Every Doctor Who Revival Episode Rated (Series Seven)

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21 August 2021

By Fraser

Doctor Who’s seventh series was pretty significant. Not only was it the third and last full season to feature Matt Smith as the Eleventh Doctor but it fell in line with the 50th anniversary of the show. To say that Steven Moffat’s hands were full is an understatement.

The focus on the anniversary special meant that the latter half of Series Seven dipped severely in quality. Would it be worth it in the end? Let’s have a look.

Asylum of the Daleks – 4/10

A Dalek prison is a super cool concept in theory but is punctuated by the assassination of the Ponds, who have no business returning to the story. Not only did their journeys essentially end in The Wedding of River Song, but they end up being divorced off-screen only to reunite in a rushed conclusion.

Jenna Coleman shows up as nobody’s favourite incarnation of Clara Oswald and the whole episode is nowhere near as exciting as it should be.

Dinosaurs on a Spaceship – 4/10

I have been incredibly harsh on this episode before and on rewatch, it’s not as awful as I remember. Still bad though.

Chibnall evidently knows how to make a fast-paced and silly romp yet here he seems to restrain himself rather than go full cheese. Childish humour and a premise that never seems to deliver.

A Town Called Mercy – 9/10

Massively underrated Doctor morality test. How did it take this long for a flat-out Western on Who? Smith, Gillan and Darvill all excel but the star of the show is Adrian Scarborough’s nuanced and layered performance as Kahler-Jex.

The way a non-Dalek entity pushed Eleven’s buttons by merely existing is something we haven’t seen before.

The Power of Three – 6/10

A delightfully scaled-down approach to not only an alien invasion, but life with the Doctor in general. The pacing is excellent with so much brilliantly laid out in the first fifteen minutes alone. I give Chibnall serious credit for that.

However, this proves to end up being the episodes undoing as we are left with possibly the most rushed, unsatisfying final conflict in the Smith run, featuring our first Palpatine rip-off of the series. Yes, our first.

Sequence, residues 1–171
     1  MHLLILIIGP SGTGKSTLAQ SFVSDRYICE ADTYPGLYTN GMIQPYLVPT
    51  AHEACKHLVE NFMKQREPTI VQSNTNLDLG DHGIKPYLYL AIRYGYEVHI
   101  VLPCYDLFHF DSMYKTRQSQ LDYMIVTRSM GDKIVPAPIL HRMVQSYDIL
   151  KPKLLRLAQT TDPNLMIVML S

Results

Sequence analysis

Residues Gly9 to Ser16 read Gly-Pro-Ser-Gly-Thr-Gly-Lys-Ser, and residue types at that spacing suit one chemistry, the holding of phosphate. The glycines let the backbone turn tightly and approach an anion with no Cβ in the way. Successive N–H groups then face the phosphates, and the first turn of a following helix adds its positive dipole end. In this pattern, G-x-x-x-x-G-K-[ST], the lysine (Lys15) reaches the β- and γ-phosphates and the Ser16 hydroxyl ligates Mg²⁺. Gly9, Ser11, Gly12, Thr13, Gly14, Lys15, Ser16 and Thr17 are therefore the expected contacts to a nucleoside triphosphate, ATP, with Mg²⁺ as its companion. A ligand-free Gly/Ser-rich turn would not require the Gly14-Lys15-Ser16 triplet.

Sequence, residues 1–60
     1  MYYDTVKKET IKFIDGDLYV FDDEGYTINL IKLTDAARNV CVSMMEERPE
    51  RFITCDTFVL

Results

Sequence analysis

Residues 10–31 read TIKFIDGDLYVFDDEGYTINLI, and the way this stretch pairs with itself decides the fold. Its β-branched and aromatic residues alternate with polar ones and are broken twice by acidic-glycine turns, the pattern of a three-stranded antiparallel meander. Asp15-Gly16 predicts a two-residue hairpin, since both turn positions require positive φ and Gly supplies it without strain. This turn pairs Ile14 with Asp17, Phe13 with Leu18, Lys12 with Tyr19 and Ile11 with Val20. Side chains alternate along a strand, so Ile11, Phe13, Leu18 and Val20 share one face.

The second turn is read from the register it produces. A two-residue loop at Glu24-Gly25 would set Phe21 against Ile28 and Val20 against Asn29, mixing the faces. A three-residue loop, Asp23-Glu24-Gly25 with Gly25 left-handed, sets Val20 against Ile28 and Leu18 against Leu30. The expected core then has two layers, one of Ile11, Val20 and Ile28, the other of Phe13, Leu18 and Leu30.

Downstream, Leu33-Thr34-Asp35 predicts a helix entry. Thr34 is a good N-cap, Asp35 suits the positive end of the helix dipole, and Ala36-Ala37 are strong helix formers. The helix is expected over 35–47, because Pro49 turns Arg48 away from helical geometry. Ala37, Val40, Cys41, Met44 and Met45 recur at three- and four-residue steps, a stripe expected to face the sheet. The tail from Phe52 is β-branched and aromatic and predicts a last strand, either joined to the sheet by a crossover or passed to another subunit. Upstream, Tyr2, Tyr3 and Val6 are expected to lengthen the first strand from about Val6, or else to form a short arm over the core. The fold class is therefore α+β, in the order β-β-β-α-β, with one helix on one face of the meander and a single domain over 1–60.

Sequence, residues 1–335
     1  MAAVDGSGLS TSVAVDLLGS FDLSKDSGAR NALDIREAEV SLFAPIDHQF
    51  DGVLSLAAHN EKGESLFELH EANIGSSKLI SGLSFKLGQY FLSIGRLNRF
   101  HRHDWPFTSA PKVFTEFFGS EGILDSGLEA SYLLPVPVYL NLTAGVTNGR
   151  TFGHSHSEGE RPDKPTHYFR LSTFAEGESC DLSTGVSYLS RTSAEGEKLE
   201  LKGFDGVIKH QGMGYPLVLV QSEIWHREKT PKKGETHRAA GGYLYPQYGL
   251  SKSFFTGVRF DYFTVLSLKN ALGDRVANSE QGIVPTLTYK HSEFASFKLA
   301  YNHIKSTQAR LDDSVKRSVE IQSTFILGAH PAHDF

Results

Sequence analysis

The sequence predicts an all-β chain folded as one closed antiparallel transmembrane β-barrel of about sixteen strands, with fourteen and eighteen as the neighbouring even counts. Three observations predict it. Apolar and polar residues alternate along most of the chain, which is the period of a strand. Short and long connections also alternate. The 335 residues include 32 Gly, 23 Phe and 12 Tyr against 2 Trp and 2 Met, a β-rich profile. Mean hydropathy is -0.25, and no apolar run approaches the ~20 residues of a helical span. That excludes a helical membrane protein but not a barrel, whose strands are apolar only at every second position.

The Angels Take Manhattan – 7/10

This episode is a bizarre paradox. Highly flawed, questionable dialogue and that Statue of Liberty moment. At the same time though, it is exciting, energetic, creepy and heartbreaking.

It’s a truly mixed bag but the stuff that is good is just so good that I often forget about the many problems and barmy decisions here. I feel like I need the world’s longest nap after sitting through it, even for the 100th time.

The Snowmen – 6/10

The consistency of this Christmas special fluctuates so rapidly. First half: really tight, very funny, and Jenna Coleman showing off how great an actress she is.

Then the second half. Apart from some nice tender moments, we find an episode dominated by lazy innuendo, weak dialogue and Richard E Grant becoming Palpatine 2.0. The whole ending makes me think my score is a little generous.

The Bells of Saint John – 2/10

This whole script feels like a child wrote an episode of Black Mirror. Such an uneventful and dull premise should surely lead to a stripped-down and scaled-back story but no.

Moffat can’t help himself but inject motorbikes up buildings, plane chases and time-hopping mystery boxes. I think there’s a chance he lost his mind on this one.

Also, as a side note, can we discuss Eleven’s costume change? It’s overlong, making Smith look shorter and restricting his physical acting which is one of his strengths. I get why it’s there for a change in his mood but with him bizarrely getting more annoyingly goofy rather than moody, it makes matters a whole lot worse and nonsensical.

The Rings of Akhaten – 4/10

The poor man’s End of the World. A companion debut adventure featuring strange aliens and a large sun-like antagonist.

However, this episode has none of the wit or excitement the former has. Smith’s speech at the end is powerful but really comes out of nowhere. And it doesn’t even end up working. Lame.